The following contains full spoilers for both adaptations of Carrie.
To date there have been over 150 movie adaptations of the various works of Stephen King, many of them terrible, but with his first novel, Carrie, he lucked out tremendously on the big screen. After Brian De Palma’s Vertigo homage Obsession was tepidly received, the director decided to try adapting a book his friend recommended, a horror novel about a young girl with telekinetic powers. 1976’s Carrie was a huge horror hit, scoring Oscar nominations for Sissy Spacek and Piper Laurie and earning a reputation as one of the best horror movies of all time. And although De Palma’s version of Carrie was great, the announcement that Kimberly Peirce (Boys Don’t Cry) would be remaking it wasn’t something I was completely opposed to. After all, It’s 37 years later and the ideas that Carrie toys with couldn’t be any more relevant now with the school shootings that linger in our minds and the bullying the drives Carrie to the eventual infamous prom scene. Of course the new reimagining chooses not to focus so much on that idea, and rather on playing up the horror and spectacle elements of the story. It’s 2013, so go figure.
From the first scene, it’s clear that Peirce and Glee writer Roberto Aguirre-Sacasa are more interested in making a generic horror movie than De Palma’s adaptation was. The openings of both films prove just this. In the new version, Margaret White (played here by Julianne Moore, and by Laurie in the original) rolls around screaming in a bed covered in blood and gives birth to Carrie and considers killing her with a pair of scissors but stops herself at the last minute. Smash cut to the movie’s title, with blood slowly coming off if it. Already it’s clear that the film is much more interested in scaring the audience than De Palma’s film, which opens with scenes of Carrie being bullied in gym class, quickly establishing what the movie is really about – an isolated young girl brought to the edge. De Palma’s version famously features a credits sequence over slow motion images of teen girls running naked in the gym locker room, a hauntingly hypnotic sequence that creeps the hell out of you in more psychological ways than the new version’s opening. From there, the remake follows essentially the same basic structure, with most of the changes coming simply from the film being set today.
Almost the entire school seems to be made up of 25-year-old rejects from Glee, except for Carrie, who seems like a character right out of 1976. This actually ends up working to the film’s favor, isolating Carrie even more than she was in the first version. There’s an added element of the girls’ filming of Carrie in the locker room and uploading the video to YouTube, but aside from that the movie doesn’t even try to reflect the new era it’s in. Truly, the remake is only different in the way it panders to horror movie audiences, with more scenes of Carrie using her powers and a number of moments of her mother cutting herself.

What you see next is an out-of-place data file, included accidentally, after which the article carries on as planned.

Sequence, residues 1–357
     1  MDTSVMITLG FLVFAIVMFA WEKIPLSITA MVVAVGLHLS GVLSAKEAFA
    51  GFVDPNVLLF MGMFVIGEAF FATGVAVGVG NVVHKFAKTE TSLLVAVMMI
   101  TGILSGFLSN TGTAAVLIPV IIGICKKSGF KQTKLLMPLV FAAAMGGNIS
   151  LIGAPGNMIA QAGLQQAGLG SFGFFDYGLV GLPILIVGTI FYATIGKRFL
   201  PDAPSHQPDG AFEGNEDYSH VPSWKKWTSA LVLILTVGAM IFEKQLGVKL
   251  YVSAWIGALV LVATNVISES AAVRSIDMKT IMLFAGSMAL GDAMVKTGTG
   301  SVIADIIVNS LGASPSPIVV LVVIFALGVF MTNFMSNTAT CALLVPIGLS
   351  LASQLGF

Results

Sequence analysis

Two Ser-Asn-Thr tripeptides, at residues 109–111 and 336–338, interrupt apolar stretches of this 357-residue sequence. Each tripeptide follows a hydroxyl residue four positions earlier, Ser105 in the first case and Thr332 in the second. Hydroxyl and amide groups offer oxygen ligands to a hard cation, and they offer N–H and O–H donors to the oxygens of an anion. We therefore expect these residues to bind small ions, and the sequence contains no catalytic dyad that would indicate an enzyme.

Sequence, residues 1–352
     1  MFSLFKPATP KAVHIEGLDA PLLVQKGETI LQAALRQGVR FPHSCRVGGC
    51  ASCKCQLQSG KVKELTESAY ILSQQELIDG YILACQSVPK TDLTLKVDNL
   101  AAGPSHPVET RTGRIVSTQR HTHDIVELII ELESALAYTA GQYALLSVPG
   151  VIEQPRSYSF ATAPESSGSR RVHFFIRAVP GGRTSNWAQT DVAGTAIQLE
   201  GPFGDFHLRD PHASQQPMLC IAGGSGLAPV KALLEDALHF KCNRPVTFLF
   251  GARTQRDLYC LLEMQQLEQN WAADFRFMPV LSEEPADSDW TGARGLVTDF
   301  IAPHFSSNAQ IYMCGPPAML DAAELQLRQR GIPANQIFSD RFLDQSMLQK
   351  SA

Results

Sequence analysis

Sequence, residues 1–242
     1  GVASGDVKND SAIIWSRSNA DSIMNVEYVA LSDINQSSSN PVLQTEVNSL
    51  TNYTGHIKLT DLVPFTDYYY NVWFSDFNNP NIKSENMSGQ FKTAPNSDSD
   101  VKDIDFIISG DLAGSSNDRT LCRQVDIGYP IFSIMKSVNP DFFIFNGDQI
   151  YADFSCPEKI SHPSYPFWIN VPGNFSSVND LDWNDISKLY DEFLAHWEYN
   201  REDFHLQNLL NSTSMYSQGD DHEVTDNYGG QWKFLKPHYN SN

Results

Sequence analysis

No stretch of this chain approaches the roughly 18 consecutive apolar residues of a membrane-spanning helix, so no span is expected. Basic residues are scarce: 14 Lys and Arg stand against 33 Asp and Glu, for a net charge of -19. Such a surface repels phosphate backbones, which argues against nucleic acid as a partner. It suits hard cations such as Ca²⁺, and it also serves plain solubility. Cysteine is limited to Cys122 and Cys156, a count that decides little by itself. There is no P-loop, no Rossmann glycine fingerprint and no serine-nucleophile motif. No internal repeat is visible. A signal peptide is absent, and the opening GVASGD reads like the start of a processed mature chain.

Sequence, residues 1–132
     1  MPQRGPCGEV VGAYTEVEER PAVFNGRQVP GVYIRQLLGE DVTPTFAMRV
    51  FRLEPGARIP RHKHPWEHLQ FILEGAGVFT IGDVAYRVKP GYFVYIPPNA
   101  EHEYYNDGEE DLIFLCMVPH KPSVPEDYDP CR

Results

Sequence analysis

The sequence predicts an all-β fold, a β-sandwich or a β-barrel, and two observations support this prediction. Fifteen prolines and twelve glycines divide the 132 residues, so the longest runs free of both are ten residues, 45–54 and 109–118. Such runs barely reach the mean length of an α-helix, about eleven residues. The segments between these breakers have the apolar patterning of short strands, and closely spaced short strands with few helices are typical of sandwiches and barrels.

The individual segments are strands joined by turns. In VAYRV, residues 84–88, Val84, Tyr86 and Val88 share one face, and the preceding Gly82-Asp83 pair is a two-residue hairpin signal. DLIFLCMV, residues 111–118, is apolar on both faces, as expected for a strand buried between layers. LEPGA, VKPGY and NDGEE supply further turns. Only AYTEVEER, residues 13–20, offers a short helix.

The prom scene itself is where this all comes to a head in a flurry of violence that is, admittedly, very effective, just as much as the original was. There’s a good period of calm that almost makes you forget what movie you’re watching and just lets you enjoy the prom like Carrie, but it’s the calm before the storm (which is a move that would be much more impressive if the first film hadn’t done the same thing). Then, when Carrie is doused in pig’s blood and goes on her mad rampage, we start to see a big problem. Spacek spent the whole scene wide-eyed and causing general mayhem, but Moretz does something all the more troubling. She actually seems somewhat in control and begins executing specific students with very cold precision.
This continues even more later when she faces off with her nemesis Chris (Portia Doubleday) on the road after the prom. In De Palma’s film, Carrie is walking down the road and only destroys Chris’s car when she tries to hit her on the road. In Peirce’s, Chris is driving away until Carrie starts destroying the road under her in a big CG spectacle. Then Chris turns the car around and goes after Carrie, who proceeds to lift the car off the ground and throw into a gas station in a large explosion. 1976 Carrie is a victim with uncontrolled rage while 2013 Carrie is a victim well aware of her powers and out for revenge.
Problem is, after 2013 Carrie goes on the vengeful killing spree, there’s still a good deal of the movie left where we’re supposed to sympathize with her. But can we? Can we sympathize with this new Carrie who has actively caused so much death and destruction? Not really. There’s a scene that troublingly spells this all out, when Sue (Gabriella Wilde) tries to stop Carrie and pleads with her “Don’t hurt me Carrie!” Carrie then replies “Why not? I’ve been hurt my whole life.”
The little additions to modernize the film, such as the added bits of jump scares and CG horror, are small potatoes to the way it tries to make Carrie out to be the new iconic horror villain. The marketing exemplifies this too, with all the posters showing her dripping in blood with an evil look on her face. It’s sad too, because for much of the film Peirce seems to have an even stronger emotional connection to Carrie than De Palma did, but that all goes out the window once prom hits. There was a lot of potential to actually update Carrie for the modern audience and make it the rare justifiable horror remake, but instead it goes the route we see all too often: copy most of the first film and add more showy CG scenes. The remake isn’t terrible, and the casting of Moretz is probably the biggest mistake out of them all, but with the potential here it’s just disappointing.
If you want to watch Carrie, rent the 1976 version.
Did you see Carrie this weekend? How did it compare to the original film version?
Article by Wesley Emblidge